9. Your questions
• Have several prepared:
• Career development
• Working conditions
• Don’t be afraid to ask during the interview
• Don’t be silent if they’ve already been covered
Notes de l'éditeur
This session will arm you with practical techniques to use both before and during your interviews to maximise your chances of success.
We are covering interviews today, not all the aspects of an assessment centre – book a 1:1 if you have one of these
Ask questions whenever they occur to you, don’t feel the need to wait until the end.
On the left are typical first interview formats, on the right those which tend to come at subsequent stages.
We are going to cover biographical and competency questions in detail in a moment.
Motivation – ‘why do you want this job/to work for us?’ – must have done your research and worked out why they are a good fit for you – be specific about experience, skills, values, etc.
Situational – what would you do if…often no right answer, looking for judgement and good instincts.
Self awareness – what is your greatest strength/weakness? How would a friend describe you? Go through how to choose a weakness answer.
Random – no apparent link to the job content – who is your favourite character from fiction and why? There is usually a connection to the underlying nature of the role/organisation, e.g. in the example above, from Withers (private client law firm) – a way to express your personality, which will be very important in forming relationships with clients.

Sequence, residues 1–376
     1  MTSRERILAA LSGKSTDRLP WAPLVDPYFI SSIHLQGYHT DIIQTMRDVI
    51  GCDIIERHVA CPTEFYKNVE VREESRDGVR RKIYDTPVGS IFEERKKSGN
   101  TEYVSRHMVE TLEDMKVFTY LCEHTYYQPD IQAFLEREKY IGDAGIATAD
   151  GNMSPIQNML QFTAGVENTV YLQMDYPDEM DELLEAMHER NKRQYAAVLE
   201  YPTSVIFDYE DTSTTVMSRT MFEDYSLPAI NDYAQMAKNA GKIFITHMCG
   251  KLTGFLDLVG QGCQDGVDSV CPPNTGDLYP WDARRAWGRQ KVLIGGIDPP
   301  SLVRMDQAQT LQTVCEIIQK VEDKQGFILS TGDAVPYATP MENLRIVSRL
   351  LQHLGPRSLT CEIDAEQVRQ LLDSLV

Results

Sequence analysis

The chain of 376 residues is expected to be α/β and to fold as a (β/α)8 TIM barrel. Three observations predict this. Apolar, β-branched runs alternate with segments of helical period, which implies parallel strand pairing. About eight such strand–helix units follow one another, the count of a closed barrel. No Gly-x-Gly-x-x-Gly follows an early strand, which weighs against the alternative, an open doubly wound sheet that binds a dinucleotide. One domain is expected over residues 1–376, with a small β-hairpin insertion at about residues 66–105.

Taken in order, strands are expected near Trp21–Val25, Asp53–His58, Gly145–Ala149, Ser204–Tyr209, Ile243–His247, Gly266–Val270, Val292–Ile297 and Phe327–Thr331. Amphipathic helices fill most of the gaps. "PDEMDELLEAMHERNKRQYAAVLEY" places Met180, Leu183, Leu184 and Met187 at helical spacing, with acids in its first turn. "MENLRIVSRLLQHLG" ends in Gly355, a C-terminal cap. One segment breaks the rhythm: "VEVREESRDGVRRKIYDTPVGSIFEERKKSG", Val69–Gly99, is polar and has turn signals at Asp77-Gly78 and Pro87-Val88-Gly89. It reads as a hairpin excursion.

Technical – admit if you don’t know the answer but if possible, highlight some learning you do have around the subject, or how you would go about developing the necessary skills/knowledge.
Strengths-based: new approach based on the skills you most enjoy using – less preparation possible than for competency answers (see http://targetjobs.co.uk/careers-advice/interview-techniques/275395-strengths-based-interviews-for-jobs-and-grad-schemes for more information).
This is the longest established type of interviewing, and still popular
You could be asked about anything on your written application/CV – make sure you know this; if you have claimed that you are a regular reader of the FT, make sure you can back it up
USPs (unique selling points) – work out what your strengths are relative to the job description and employer, be ready to assert your own agenda
Have a positive account of any blips or gaps
It should be possible to work out what competencies a role requires: job description/person spec, organisation’s website, Prospects job profile, etc.
Give out copies of the skills grid – explain how it works – something to do at home
Too much time is spent on Situation
Actions are the heart of the answer
Result – should be positive, can include learning points
Don’t try to be someone you are not – but be aware of these things
Pitch and tone of voice – lively but not manic
Sit reasonably upright – danger of too much hand movement or fidgeting
Maintain eye contact
Practise deep relaxed breathing if this is likely to be an issue